How Escaped Exotic Pet Birds Could Help Save Threatened Species

Though usually seen as a threat to local populations, these escapees could also help in the recovery of creatures in trouble

Javan Myna
The Javan myna is critically endangered in its natural Indonesian habitat, but exploding populations in Singapore have made it a nuisance there. Lip Kee via Flickr

Pets escaping is a sad state of affairs—both for the owner and for the environment.

Cats, for example, may not seem like strange beasts, but since they were first introduced to Australia by the original British colonists they have taken over most of the country and driven several species to extinction. But the story becomes more complex when it comes to birds, particularly exotic birds captured from the wild. 

Over the last several decades, the yellow-crested cockatoo has become extremely popular as household pets, both for their beautiful plumage and their intelligence. But this popularity has led to decimation of wild populations—with less than 7,000 known individuals remaining in the wild today, Dennis Normile reports for Science.

But not all hope is lost. According to a new study published in the journal Frontiers in Ecology and the Environment, communities of escaped exotic birds could be the key to save their wild counterparts. By escaping the pet trade, these creatures can often establish new populations far from their original home grounds.

"Introduced species are usually considered a problem,” University of Hong Kong conservation biologist Luke Gibson, an author on the study, tells Normile. “In these cases we consider them to be an opportunity to help buffer declining populations in their native ranges.”

For the yellow-crested cockatoo, escaped pets have established thriving populations where the Indonesian birds were sold in Hong Kong and China. And though these invasives compete with local populations, they could be trapped and relocated back to their native lands, Normile writes.

In the study, Gibson and his colleague identified 49 different species, including mammals, birds and reptiles, that are critically threatened in their natural habitat due to capture for the pet trade but have thrived in other places as invasive creatures. "In some cases, captured feral animals could replenish the native populations; in others they could be funneled into the pet trade, hopefully replacing those captured illegally in their native habitat," Normile writes.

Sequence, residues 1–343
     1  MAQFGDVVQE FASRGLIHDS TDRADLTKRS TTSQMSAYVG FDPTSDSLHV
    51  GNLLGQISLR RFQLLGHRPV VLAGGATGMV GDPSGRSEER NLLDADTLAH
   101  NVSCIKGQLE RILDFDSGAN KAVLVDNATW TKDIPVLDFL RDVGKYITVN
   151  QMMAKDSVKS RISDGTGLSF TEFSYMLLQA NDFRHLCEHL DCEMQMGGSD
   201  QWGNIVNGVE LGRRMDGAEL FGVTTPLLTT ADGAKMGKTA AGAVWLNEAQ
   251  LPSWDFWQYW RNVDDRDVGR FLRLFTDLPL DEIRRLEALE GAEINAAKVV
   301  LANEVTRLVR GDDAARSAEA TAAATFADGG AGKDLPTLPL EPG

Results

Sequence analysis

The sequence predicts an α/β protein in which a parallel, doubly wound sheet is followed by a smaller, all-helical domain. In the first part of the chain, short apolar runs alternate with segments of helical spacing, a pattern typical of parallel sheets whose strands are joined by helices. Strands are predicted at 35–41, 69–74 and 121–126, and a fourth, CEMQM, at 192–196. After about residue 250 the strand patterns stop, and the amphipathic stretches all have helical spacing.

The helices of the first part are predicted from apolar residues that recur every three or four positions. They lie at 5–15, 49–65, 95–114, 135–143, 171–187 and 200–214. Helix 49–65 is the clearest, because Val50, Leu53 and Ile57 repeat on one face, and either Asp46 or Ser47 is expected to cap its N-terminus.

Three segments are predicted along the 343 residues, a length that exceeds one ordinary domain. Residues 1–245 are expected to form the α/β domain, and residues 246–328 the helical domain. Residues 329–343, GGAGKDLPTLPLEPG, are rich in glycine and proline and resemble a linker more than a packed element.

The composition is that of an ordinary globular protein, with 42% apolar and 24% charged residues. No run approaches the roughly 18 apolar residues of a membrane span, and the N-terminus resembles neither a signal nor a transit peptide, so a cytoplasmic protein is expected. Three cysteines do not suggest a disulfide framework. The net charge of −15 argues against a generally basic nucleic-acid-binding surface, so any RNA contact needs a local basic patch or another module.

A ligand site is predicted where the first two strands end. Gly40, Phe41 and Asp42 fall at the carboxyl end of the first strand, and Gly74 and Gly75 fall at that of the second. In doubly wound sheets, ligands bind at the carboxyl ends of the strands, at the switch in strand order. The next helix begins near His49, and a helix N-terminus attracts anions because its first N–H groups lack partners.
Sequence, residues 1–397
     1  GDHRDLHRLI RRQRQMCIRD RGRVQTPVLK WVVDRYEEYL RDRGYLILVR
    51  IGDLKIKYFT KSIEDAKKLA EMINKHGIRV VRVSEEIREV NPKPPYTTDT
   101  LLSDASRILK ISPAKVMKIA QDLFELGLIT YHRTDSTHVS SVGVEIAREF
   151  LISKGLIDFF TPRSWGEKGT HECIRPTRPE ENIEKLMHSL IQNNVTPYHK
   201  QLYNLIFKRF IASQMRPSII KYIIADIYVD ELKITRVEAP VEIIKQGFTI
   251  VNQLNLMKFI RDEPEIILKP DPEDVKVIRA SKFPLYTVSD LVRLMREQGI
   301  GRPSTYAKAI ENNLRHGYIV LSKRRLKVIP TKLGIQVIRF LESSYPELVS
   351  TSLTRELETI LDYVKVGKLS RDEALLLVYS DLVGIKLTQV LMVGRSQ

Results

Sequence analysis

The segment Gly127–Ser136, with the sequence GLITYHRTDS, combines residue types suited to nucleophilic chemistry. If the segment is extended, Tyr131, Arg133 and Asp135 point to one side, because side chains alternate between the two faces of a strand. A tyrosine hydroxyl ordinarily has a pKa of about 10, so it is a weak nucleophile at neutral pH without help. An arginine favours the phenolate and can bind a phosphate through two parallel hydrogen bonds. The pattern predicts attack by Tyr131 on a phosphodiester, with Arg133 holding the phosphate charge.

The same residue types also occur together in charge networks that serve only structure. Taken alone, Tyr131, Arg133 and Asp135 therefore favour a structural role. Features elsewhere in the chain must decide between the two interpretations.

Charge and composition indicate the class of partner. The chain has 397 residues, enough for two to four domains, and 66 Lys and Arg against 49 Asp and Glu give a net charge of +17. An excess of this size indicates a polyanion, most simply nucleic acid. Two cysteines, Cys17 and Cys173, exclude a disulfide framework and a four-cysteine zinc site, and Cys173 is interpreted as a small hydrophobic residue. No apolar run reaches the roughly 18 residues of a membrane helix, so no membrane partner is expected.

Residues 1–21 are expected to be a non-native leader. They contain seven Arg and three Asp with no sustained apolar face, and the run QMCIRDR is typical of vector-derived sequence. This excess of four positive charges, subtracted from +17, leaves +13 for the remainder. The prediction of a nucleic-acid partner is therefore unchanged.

Given how widespread the exotic bird trade is (and how easy it is for winged pets to simply fly away), it’s become one of the major drivers behind their spread around the world. In the last few centuries, birds like the American ruddy duck and Asian ring-necked parakeets have horned in on their European cousins’ habitats after individuals managed to escape into the wild, Briggs reports. Even the brilliantly-colored monk parakeet has established a significant wild population amongst the trees and buildings of Brooklyn, New York.

As these exotic species move in on unprepared local populations, they could pose a threat as invasive species—and the problem is only getting worse, according to another recent study published in the journal PLOS Biology. "Areas that are good for native birds are also good for alien birds," Tim Blackburn, a researcher with University College London and an author on that study, tells Helen Briggs for the BBC. "It's a worry because aliens may threaten the survival of native species."

Increasing wealth in many places around the world drives the demand for the global pet trade, Blackburn tells Briggs. "For a variety of reasons, those species can get out into the wild and they can establish populations in areas where they haven't naturally occurred," he says. But whether that is a good thing or a bad thing is how it is managed.

Though these species could be “backups” for threatened species back home the concept doesn’t address the reason why the species are endangered in the first place. Habitat loss and poaching are both major causes for the destruction of these animals in their native environments and without addressing those basic problems transplanting wild animals from one habitat to another won’t work, Normile reports. In some cases, it could even make the problem with poaching worse by encouraging animal thieves to keep taking more.

All things considered, Gibson’s proposal to think of invasive populations of threatened species as buffers is intriguing, but won’t solve either problem on its own.

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